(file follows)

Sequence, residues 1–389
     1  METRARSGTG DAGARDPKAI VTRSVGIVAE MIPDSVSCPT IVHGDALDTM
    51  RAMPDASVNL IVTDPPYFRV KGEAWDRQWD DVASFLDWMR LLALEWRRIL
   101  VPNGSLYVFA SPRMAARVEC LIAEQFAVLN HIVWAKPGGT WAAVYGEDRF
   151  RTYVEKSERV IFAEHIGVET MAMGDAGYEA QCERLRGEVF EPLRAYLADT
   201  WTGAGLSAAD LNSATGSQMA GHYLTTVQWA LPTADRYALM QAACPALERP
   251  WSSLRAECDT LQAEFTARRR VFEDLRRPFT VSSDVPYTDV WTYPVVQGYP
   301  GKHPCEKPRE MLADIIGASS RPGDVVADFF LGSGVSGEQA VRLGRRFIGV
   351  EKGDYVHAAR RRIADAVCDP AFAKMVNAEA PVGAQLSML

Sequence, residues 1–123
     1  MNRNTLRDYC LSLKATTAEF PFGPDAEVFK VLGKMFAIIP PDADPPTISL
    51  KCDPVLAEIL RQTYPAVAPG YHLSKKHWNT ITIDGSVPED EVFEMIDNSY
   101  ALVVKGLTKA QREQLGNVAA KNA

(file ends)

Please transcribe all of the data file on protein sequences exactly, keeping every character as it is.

Sequence, residues 1–389
     1  METRARSGTG DAGARDPKAI VTRSVGIVAE MIPDSVSCPT IVHGDALDTM
    51  RAMPDASVNL IVTDPPYFRV KGEAWDRQWD DVASFLDWMR LLALEWRRIL
   101  VPNGSLYVFA SPRMAARVEC LIAEQFAVLN HIVWAKPGGT WAAVYGEDRF
   151  RTYVEKSERV IFAEHIGVET MAMGDAGYEA QCERLRGEVF EPLRAYLADT
   201  WTGAGLSAAD LNSATGSQMA GHYLTTVQWA LPTADRYALM QAACPALERP
   251  WSSLRAECDT LQAEFTARRR VFEDLRRPFT VSSDVPYTDV WTYPVVQGYP
   301  GKHPCEKPRE MLADIIGASS RPGDVVADFF LGSGVSGEQA VRLGRRFIGV
   351  EKGDYVHAAR RRIADAVCDP AFAKMVNAEA PVGAQLSML

Sequence, residues 1–123
     1  MNRNTLRDYC LSLKATTAEF PFGPDAEVFK VLGKMFAIIP PDADPPTISL
    51  KCDPVLAEIL RQTYPAVAPG YHLSKKHWNT ITIDGSVPED EVFEMIDNSY
   101  ALVVKGLTKA QREQLGNVAA KNA